My heart broke when I lost my 12-year-old to cancer – now I’ve been told his twin has the diseaseAugust 25, 2020
LOSING a child to cancer is an indescribable pain that no parent ever wants to go through.
But tragically for Julie Parton it's something she's facing for the second time – just weeks after losing her son, Ben.
The 12-year-old, from Cannock, Staffs, was diagnosed with glioblastoma multiforme, an aggressive type of brain tumour, in March last year.
He had 30 sessions of radiotherapy and two cycles of chemotherapy, but sadly died just eight months later in December 2019.
As the family were coming to terms with their loss, Ben's twin brother Jack started to experience back pain and sickness.
His symptoms were initially put down to post traumatic stress disorder after the loss of his brother – but barely a fortnight after Ben was laid to rest, Jack was diagnosed with leukaemia.
Julie, 51, said: "It's almost impossible to put into words how horrendous this has been.
"Having gone through everything with Ben, and just as we were grieving his loss, it was a hammer blow to find out only two weeks after his funeral that Jack was also fighting cancer.
"Although it seems wrong to say this, it was a relief to discover that Jack had leukaemia rather than brain cancer.
"It is some consolation that with Jack I can dare to feel there is more hope.
"Although I have been careful, and too scared I suppose, not to ask for his prognosis, I know that leukaemia is no longer the death sentence it once was.
"Thanks to the investment in research, Jack and other leukaemia patients now have hope of a cure.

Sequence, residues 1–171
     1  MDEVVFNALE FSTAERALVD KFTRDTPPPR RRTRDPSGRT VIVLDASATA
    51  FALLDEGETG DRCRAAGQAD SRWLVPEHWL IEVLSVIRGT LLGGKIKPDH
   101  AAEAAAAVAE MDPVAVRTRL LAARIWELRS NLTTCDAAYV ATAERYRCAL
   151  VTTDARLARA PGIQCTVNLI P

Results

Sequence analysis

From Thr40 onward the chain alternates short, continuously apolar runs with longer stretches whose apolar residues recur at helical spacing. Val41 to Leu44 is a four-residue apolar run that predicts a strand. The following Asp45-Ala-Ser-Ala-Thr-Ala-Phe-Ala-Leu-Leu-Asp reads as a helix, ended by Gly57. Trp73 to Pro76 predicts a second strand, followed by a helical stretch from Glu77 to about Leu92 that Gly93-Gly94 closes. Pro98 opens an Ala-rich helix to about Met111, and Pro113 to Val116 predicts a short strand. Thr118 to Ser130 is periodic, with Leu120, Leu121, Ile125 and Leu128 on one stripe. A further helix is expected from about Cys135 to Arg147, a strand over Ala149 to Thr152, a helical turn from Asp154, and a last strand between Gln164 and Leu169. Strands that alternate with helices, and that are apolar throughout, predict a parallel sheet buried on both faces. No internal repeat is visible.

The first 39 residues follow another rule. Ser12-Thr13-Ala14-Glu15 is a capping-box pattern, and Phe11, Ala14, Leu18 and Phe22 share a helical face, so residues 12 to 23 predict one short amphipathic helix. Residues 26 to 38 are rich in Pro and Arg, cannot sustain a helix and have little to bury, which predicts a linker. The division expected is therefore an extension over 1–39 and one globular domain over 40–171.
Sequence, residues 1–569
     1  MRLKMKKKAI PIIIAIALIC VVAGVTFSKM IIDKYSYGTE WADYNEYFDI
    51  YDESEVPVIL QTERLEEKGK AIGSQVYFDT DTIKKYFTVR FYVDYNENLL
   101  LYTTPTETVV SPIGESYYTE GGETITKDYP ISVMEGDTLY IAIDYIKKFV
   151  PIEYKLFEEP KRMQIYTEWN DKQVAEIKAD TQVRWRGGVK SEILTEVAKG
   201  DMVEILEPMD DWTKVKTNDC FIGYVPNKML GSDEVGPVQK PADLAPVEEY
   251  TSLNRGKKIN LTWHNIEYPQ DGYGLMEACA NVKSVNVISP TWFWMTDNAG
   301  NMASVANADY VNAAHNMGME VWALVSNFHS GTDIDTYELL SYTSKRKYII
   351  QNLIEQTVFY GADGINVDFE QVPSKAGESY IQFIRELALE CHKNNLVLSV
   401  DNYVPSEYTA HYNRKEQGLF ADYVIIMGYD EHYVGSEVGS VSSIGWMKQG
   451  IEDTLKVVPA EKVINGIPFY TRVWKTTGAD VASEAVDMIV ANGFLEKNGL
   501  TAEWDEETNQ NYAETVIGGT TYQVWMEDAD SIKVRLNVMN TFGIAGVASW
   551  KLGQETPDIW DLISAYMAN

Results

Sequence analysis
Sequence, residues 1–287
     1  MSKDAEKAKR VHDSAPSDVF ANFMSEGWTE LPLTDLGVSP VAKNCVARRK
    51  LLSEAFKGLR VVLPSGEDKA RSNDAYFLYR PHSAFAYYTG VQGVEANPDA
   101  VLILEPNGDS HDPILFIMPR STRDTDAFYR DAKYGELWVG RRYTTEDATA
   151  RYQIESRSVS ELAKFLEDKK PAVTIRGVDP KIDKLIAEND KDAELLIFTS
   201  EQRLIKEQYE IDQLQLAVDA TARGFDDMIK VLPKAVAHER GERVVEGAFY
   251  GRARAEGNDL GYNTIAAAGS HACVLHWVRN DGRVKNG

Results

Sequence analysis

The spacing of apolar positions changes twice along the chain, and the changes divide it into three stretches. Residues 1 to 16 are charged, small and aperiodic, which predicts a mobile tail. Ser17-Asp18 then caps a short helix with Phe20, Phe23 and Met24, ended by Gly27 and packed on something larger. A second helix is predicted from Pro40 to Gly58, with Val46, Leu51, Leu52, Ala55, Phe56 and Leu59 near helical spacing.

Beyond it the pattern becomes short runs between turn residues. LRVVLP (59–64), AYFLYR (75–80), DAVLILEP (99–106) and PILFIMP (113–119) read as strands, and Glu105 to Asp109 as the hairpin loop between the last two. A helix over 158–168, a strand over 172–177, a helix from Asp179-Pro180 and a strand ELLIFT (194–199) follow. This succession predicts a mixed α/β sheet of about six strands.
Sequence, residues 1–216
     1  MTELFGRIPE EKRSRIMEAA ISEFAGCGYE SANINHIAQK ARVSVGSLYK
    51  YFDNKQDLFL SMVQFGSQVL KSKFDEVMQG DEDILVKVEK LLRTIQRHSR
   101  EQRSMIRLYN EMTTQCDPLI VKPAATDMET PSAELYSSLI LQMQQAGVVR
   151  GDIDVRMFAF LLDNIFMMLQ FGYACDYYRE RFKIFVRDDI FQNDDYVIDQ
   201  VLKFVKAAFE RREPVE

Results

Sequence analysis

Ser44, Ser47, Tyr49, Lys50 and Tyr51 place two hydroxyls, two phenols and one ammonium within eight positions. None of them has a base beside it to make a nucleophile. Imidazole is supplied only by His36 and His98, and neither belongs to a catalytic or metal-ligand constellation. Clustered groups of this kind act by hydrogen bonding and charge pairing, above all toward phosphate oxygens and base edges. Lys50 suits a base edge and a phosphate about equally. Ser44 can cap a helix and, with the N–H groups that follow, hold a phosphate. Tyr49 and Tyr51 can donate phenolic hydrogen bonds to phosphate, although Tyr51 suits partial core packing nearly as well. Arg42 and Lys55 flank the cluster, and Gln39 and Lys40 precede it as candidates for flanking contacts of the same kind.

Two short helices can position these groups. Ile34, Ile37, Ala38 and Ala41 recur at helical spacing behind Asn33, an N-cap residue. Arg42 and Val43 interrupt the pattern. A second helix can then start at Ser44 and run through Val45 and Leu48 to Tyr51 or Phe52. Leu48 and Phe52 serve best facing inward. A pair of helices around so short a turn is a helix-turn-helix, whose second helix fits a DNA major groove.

"Ben was not so lucky, he never really stood a chance."
Just as we were grieving his loss, it was a hammer blow to find out only two weeks after his funeral that Jack was also fighting cancer
She added: "My identical twin boys were always so close and alike in many ways but different in others.
"Ben was always the more confident and outgoing, and Jack looked to him to take the lead.
"If Ben was doing something or going somewhere then Jack felt safe and secure to follow.
"That has been one of the hardest things to bear.
"No-one should lose their child at the age of 12, and who can imagine the pain of a child of that age who has lost their twin?"
Since his diagnosis in January this year, Jack, 12, has been having treatment at Birmingham Children's Hospital, where Ben was also treated.
And, following a bone marrow aspirate this summer, the family received the best news they could hope for – Jack is currently cancer-free.
But the youngster will continue to have chemotherapy for the next two and a half years, to ensure the disease does not come back.
Julie said: "All things considered Jack is doing well although some days are incredibly tough.
"He misses Ben so much and I'm sure he would give anything for them to be on PlayStation together."
Julie is now campaigning with the charity Brain Tumour Research.
She is urging people to sign a petition to increase the national investment into brain tumour research to £35 million a year.
He misses Ben so much and I'm sure he would give anything for them to be on PlayStation together
This would bring a parity of funding with other cancers including breast, prostate, and leukaemia.
Julie said: "Brain tumours kill more children and adults under the age of 40 than any other cancer.
"Yet, historically, just one per cent of the national spend on cancer research has been allocated to this devastating disease.
"I hope and pray that Jack will be okay, and I so wish that would have been the case for Ben.
"Without investment in research, families like ours have no hope."
To sign the petition, visit the Brain Tumour Research website.
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